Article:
We’ve been crazy busy the last few weeks, settling in, getting the kids in school, doing Christmas and just trying to live our daily lives here in Colombia. But the niñas and I managed to carve out an afternoon and evening for a really neat tour of Medellin and some of the neighborhoods. And since we experienced it, you, too, can experience it through this blog. Have a seat and we’ll take you on the tour! This is a long but very informative tour so we have split it into 2 parts. Get comfy and prepare to learn stuff.
We took this tour on December 7- Dia de las Velitas: Day of the Little Candles. This day is one of the most observed traditional holidays in Colombia. We knew something was happening in town because at all the grocery stores they were selling bags and bags of candles. It is this finely-honed observational skill that makes us good Worldschoolers!
Dia de las Velitas is on the eve of the Immaculate Conception, which is a public holiday in Colombia. This day is the unofficial start of the Christmas season in the country. (Gracias, Wikipedia for those deets). Colombians light small candles and secure them to their porches or outside their houses. It’s a time of hanging out with family, eating traditional “weird cheese balls and pudding” as the girls called it, and preparing for the holiday season that is to come. We heard about a candle day tour with a local tour company and it seemed like it would be a good way to understand the holiday a bit more. We met up in the late afternoon and the first thing on the agenda was a little history lesson of this city.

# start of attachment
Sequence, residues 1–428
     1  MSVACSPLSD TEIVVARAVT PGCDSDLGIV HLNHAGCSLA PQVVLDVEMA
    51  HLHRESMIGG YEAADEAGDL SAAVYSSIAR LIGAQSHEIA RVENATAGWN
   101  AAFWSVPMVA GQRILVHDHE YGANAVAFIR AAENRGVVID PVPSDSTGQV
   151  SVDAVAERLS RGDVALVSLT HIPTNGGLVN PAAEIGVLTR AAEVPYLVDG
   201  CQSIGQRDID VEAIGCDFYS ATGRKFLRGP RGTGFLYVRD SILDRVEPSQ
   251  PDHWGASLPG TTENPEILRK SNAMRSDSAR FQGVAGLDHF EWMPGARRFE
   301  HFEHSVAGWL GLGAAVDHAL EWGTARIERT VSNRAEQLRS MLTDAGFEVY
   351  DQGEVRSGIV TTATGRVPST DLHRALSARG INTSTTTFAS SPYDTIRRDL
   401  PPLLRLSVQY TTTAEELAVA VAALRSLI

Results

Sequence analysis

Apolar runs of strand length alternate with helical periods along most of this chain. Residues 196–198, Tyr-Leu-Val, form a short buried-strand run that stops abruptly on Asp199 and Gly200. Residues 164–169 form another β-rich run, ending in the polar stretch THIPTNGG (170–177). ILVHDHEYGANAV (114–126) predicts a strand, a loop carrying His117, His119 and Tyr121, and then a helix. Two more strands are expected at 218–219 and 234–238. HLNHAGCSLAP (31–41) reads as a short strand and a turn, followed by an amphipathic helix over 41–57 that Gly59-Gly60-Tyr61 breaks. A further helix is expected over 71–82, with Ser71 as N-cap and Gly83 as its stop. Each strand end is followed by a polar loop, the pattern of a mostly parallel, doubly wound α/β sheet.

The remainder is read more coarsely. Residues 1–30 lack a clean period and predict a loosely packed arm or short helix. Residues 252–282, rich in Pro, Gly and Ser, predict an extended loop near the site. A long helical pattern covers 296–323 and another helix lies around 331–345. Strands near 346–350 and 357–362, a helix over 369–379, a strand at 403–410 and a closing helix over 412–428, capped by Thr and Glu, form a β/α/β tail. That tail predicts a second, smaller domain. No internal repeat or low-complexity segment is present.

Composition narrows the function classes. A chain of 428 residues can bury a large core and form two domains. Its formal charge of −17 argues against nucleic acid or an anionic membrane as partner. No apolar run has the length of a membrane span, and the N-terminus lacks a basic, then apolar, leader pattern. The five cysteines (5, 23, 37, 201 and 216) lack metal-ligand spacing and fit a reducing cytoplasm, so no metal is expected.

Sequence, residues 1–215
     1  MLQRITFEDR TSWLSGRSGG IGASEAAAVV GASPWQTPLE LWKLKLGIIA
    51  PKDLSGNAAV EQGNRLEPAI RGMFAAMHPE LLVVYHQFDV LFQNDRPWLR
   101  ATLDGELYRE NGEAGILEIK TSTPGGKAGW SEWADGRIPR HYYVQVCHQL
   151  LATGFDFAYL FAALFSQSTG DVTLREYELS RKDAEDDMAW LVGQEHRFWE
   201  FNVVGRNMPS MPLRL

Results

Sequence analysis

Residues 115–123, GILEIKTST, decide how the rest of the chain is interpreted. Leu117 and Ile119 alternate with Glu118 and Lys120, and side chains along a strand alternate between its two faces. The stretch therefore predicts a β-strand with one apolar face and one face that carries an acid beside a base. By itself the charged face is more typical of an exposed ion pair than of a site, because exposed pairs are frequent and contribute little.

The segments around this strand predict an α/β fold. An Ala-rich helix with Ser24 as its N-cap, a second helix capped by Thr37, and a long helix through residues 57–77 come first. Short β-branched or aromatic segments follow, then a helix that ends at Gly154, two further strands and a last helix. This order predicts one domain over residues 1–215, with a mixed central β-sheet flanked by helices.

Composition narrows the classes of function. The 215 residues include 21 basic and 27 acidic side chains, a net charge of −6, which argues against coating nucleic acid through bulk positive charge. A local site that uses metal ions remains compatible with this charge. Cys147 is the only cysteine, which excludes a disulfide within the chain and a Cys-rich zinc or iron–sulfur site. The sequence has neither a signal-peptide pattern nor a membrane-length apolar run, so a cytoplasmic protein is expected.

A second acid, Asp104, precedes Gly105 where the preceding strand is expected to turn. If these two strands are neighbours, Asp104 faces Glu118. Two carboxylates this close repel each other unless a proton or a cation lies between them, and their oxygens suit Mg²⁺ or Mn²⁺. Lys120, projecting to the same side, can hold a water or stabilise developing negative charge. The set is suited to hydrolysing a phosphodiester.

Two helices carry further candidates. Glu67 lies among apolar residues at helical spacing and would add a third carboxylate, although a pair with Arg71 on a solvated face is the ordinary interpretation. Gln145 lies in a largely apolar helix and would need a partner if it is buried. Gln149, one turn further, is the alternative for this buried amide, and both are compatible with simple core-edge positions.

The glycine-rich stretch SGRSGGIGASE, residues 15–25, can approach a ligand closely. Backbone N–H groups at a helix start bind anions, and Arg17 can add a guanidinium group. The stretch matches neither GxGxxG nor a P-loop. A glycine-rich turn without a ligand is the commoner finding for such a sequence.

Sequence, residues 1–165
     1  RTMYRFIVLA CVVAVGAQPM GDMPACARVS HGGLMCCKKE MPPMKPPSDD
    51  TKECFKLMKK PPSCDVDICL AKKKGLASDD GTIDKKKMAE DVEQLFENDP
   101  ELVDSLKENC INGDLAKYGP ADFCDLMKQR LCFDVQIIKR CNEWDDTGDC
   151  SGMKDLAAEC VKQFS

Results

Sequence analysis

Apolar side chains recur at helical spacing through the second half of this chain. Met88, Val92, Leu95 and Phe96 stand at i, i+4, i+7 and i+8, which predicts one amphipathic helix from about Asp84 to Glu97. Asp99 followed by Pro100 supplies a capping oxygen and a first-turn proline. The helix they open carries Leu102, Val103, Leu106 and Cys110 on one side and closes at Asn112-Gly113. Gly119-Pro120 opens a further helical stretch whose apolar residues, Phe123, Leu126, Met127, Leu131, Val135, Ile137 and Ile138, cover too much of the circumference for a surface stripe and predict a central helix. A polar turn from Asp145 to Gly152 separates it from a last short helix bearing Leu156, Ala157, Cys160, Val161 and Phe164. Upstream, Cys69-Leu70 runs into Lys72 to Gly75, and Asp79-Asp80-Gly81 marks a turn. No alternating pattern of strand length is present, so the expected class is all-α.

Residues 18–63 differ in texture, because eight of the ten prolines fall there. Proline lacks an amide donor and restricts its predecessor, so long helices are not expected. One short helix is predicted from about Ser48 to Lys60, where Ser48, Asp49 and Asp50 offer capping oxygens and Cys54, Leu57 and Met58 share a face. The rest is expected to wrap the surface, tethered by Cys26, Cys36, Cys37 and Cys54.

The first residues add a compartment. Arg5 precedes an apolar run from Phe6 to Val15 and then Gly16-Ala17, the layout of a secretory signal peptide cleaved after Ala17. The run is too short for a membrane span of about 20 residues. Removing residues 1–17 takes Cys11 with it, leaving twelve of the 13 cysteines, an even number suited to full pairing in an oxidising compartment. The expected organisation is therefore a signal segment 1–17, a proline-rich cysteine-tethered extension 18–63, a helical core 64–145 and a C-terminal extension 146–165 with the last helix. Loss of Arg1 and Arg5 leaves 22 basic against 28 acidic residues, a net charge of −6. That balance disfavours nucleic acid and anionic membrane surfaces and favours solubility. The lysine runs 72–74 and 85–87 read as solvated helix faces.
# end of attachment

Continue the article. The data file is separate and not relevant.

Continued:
History of Colombia and Medellin
We met up with Bloom Travel Experiences in central Medellin. Already this is a part of town we had never visited and boy was it busy! We got a bit of the history of Colombia and Medellin while we explored the first train station and the government building area. The history of this region goes something like this: Colombia was over here in South America doing just fine, then the Spanish arrived. Then Colombia was part of a big section of northern South America but it kept getting smaller as different groups got wind of this thing called independence. At one point Colombia was still attached to Panama but then those pesky Americans decided they wanted a piece of the canal and the Colombians were kind of getting in the way. So ‘Merica helped organize Panama’s separation from Colombia and now everyone is their own country. Historians can now roll on the floor laughing at the gross oversimplification of that history. Sorry!
The history of Medellin is equally interesting. Here we will vary up our sources and let Lonely Planet tell you about it: